Shannon Thomas knew last year when she began setting up a cooperative market to sell organic fruits and vegetables in Catonsville that she would face challenges.
The Catonsville resident just expected to clear the hurdles faster.
Tired of driving 15 minutes to get to specialty grocery stores that had the organic and natural foods she preferred to serve her family, Thomas began a quest last year to form a Catonsville Cooperative Market that would offer those same products closer to home.
Co-ops are owned and supported by members who pay a fee and receive discounts for the products they purchase.
Twelve months later, the market has made progress, but most of it has been outside the public's view.
"When we first launched this, I thought we'd have money in the bank and a storefront by now," said Thomas, the president of the co-op. "Progress is slow and steady, which is probably better."
Since Thomas began hosting meetings last summer to gauge the community's interest in the project, she has seen several Catonsville businesses fold in the weak economy.
"Watching various small businesses in Catonsville who have done really well and who have had to close their doors has been a reality check," said Thomas, who moved to Catonsville four years ago.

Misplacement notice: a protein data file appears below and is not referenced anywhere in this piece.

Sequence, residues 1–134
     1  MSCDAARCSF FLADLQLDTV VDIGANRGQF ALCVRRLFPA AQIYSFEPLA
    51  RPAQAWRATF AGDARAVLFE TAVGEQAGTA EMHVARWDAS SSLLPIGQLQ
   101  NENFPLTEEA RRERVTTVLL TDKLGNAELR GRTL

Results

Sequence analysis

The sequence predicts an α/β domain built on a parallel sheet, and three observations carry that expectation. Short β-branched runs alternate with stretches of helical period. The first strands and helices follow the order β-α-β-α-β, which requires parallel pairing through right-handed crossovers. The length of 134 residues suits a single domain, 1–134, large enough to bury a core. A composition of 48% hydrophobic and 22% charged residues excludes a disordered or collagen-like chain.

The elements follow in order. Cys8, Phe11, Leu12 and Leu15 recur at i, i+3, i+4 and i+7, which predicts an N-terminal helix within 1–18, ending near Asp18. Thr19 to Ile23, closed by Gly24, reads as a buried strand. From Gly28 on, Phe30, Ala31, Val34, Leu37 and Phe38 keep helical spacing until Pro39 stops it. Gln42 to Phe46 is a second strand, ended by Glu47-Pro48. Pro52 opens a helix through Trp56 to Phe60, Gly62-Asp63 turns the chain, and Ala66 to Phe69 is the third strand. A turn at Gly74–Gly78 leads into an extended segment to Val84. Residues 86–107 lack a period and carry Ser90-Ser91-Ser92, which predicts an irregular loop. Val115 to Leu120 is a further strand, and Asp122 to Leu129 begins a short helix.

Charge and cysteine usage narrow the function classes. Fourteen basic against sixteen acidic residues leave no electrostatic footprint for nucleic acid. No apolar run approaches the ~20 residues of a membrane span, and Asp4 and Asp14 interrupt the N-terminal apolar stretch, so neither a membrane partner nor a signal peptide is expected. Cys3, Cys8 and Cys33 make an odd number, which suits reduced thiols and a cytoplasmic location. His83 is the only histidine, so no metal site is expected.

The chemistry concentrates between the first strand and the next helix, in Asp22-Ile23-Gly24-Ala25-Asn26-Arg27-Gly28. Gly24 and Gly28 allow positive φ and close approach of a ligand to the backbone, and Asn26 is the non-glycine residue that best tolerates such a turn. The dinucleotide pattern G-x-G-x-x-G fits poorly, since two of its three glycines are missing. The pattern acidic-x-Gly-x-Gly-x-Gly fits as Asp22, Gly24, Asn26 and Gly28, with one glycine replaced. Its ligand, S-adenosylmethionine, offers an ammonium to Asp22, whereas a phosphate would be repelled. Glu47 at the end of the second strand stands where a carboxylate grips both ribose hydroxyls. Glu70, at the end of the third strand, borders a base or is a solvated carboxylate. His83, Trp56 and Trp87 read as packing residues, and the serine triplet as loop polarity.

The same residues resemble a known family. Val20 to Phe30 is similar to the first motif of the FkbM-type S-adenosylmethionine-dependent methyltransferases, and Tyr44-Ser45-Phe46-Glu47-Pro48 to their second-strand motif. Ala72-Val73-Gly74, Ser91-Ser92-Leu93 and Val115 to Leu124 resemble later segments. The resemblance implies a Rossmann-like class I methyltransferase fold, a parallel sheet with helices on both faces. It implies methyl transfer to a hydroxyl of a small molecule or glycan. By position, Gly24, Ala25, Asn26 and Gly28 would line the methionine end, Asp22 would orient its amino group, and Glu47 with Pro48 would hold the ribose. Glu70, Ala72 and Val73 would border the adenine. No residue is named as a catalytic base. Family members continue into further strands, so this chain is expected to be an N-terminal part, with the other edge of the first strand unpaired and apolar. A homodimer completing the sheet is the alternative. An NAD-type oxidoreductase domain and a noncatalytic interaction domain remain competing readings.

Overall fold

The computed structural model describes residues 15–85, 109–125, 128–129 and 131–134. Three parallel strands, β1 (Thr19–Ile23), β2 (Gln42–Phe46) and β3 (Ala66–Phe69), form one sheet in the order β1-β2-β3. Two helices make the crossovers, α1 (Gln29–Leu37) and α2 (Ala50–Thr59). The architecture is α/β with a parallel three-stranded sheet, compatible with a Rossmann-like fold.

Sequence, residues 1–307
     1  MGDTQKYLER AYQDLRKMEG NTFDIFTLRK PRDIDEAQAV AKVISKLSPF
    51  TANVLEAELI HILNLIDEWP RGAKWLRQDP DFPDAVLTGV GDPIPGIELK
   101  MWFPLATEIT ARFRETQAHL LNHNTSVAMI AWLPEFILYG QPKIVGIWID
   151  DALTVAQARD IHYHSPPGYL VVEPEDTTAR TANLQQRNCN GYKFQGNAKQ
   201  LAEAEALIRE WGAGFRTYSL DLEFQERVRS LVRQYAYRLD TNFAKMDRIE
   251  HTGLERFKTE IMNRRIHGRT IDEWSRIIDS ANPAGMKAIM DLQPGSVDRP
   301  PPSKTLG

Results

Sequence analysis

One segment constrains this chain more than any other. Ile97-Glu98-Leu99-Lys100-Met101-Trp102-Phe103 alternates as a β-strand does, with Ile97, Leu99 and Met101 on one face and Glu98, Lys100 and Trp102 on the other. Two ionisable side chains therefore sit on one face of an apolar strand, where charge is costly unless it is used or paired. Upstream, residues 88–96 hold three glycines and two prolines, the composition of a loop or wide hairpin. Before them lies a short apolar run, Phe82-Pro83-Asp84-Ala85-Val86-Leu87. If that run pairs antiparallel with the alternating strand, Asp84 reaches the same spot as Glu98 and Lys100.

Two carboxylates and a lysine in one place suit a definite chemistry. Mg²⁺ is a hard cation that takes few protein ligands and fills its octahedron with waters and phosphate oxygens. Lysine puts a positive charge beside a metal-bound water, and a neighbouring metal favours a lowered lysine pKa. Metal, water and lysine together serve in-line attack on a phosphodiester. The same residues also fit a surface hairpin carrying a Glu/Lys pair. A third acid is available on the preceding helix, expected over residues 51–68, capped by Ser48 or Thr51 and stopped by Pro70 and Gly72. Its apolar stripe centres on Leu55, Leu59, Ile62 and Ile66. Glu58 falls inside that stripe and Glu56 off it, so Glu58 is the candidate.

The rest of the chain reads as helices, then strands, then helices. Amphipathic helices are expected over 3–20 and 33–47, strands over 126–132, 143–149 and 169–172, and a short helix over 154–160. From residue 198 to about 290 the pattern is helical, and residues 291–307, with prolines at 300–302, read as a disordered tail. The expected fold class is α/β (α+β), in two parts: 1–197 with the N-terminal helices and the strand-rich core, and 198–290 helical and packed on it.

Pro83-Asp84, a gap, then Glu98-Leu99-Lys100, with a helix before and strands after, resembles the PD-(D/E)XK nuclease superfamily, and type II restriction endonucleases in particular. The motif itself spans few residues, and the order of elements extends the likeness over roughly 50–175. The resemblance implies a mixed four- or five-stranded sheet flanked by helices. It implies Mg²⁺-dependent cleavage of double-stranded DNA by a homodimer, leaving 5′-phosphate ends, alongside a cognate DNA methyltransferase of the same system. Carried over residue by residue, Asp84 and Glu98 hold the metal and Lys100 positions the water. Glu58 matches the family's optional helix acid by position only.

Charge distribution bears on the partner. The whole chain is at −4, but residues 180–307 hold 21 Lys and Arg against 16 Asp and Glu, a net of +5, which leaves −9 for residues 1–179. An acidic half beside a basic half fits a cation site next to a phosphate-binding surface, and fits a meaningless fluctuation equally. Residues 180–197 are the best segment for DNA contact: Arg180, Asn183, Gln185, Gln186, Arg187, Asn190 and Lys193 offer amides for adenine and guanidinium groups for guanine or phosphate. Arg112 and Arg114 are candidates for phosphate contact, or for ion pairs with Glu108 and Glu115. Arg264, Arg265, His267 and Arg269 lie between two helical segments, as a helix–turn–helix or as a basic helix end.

"We're not going into this with a franchise name behind us," she said. "If a community doesn't support a co-op, it's not going to work."
Thomas said it typically takes a co-op between three and five years to open.
"With that context, I think we're doing great," she said. "I wish we could wave a magic wand and have the co-op open."
Thomas recently stepped back from her role with the co-op because she didn't have as much time as she continued to raise a family, which includes a husband of 12 years and four children, and attended classes to become a yoga instructor.
"People have picked up the slack for me," Thomas said. "It sounds like they're getting quite a bit done, whether I'm there or not."
Megan Davis, secretary of the co-op's steering committee, said establishing a co-op is too much work for one person.
She said there is enough to do to keep the committee, which also includes treasurer Debbie Rosier, a Catonsville resident, and directors Emily Souder and Mike Souder, both Arbutus residents, busy.
The co-op has 15 founding members, Davis said.
Preparing for the future
Some of the co-op's recent accomplishments include selecting a logo and completing its bylaws, Davis said.
The next steps involve having an attorney review the bylaws so that they can become a nonprofit organization, conducting a feasibility study and getting the word out.
"We want to let people know that yes, we're still here. Yes, we're still hoping to open a storefront," said Davis, who moved to Catonsville from Ellicott City two years ago.